Aaron Ballman is a security software engineer for CERT (a part of the Software Engineering Institute of Carnegie Mellon University). He has over a decade of experience writing cross-platform frameworks in C/C++, compiler & language design, and software engineering best practices and is currently a voting member of the C++ standards committee (WG21).
In case you can't figure it out easily enough, the views expressed here are my personal views and not the views of my employer, my past employers, my future employers, or some random person on the street. Please yell only at me if you disagree with what you read.
Monthly Archives: September 2011
Virtual functions are a fairly well-understood programming construct in terms of how and when to use them. But have you ever stopped to think about how they actually work under the hood? You’ve probably heard the term “vtable” thrown around … Continue reading
One of the new features of C++11 is the ability to do a compile-time assertions. These assert functions are similar in concept to the runtime assert functions we all know and love. You pass in a constant expression and a … Continue reading
Threads are becoming one of the more ubiquitous concepts in programming. Chances are quite good that you’ve a few of them before. But have you ever stopped to think about how a thread works under the hood? There are some … Continue reading
One of the harder concepts for people to understand in C++, in my opinion, is “behavior.” In C++, the language has some very specific wording for what the various behaviors are, and I’ve seen a lot of people get them … Continue reading
One of the things that most C/C++ programmers start to take for granted is memory. It’s always there, and when used properly, it always “just works.” However, frameworks throw a bit of a monkey wrench into the equation because they … Continue reading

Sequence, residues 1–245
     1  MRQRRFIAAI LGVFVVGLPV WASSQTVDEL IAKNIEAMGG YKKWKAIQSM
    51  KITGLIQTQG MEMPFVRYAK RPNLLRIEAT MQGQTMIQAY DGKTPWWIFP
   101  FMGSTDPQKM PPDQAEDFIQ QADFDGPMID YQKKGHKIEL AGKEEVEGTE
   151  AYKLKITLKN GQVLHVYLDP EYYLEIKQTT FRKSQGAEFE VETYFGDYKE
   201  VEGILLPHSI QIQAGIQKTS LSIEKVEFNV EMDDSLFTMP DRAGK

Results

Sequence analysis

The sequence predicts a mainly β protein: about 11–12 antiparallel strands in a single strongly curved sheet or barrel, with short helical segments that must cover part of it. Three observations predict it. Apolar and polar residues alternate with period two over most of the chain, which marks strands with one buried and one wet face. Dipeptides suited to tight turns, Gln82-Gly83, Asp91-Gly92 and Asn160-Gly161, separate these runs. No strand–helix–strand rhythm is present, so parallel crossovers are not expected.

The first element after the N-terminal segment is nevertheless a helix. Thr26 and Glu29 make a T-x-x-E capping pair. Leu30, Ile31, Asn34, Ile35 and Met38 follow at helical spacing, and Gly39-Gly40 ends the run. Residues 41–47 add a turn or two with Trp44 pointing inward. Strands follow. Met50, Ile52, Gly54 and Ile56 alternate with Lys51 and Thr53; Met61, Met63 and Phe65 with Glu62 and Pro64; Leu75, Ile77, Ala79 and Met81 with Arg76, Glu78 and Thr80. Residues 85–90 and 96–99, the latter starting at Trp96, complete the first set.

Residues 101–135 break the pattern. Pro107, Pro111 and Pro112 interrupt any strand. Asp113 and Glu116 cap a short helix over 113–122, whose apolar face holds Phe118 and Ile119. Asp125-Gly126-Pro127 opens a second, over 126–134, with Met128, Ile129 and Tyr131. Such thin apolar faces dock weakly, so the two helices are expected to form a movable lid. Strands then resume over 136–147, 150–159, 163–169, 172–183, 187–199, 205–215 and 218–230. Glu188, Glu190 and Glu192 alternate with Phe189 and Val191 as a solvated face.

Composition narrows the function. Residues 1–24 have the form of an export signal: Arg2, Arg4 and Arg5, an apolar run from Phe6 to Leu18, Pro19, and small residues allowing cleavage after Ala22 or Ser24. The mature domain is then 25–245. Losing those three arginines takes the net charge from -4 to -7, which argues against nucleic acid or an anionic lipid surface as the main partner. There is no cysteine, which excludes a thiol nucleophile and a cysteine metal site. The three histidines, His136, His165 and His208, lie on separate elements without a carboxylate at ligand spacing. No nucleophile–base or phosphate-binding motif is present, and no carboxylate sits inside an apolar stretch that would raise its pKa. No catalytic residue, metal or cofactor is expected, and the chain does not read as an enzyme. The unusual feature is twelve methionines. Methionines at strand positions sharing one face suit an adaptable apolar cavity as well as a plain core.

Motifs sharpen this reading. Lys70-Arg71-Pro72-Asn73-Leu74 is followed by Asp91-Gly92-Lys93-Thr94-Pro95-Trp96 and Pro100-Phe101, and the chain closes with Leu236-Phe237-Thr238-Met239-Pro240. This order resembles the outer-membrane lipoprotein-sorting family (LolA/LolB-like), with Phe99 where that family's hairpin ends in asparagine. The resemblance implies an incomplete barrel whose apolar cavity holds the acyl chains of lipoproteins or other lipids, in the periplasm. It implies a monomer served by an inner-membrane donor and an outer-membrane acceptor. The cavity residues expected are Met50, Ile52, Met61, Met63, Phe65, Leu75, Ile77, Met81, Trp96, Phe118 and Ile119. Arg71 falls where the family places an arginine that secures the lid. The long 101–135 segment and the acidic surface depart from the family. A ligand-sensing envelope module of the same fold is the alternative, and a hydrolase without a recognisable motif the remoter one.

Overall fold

While doing some research on allocators, I noticed that the language specification has some interesting wording with regards to getting the address of an element from an allocator. Specifically, it says (Section 22.214.171.124 Clauses 2 & 3): Returns: The actual … Continue reading
I believe the C++ standards committee got some things wrong in the distant past. Converting constructors work implicitly with an assignment operation, function hiding and overriding are not explicit, there’s no way to prevent a subclass from providing further overrides … Continue reading
The new C++11 standard includes the ability to specify “attributes” for various declarations. The concept of attributes will be familiar to you if you’ve done work in languages like C# or Java. However, there are major differences between C++ attributes … Continue reading
In C++, a constructor that accepts a single parameter non-defaulted parameter is also considered a converting constructor. Converting constructors allow you to initialize a class instance using that single parameter type either via explicit construction, or via an assignment construction. … Continue reading
What is wrong with the following class declarations? It turns out that the correct definition is the one to Bar, which came as a surprise to me.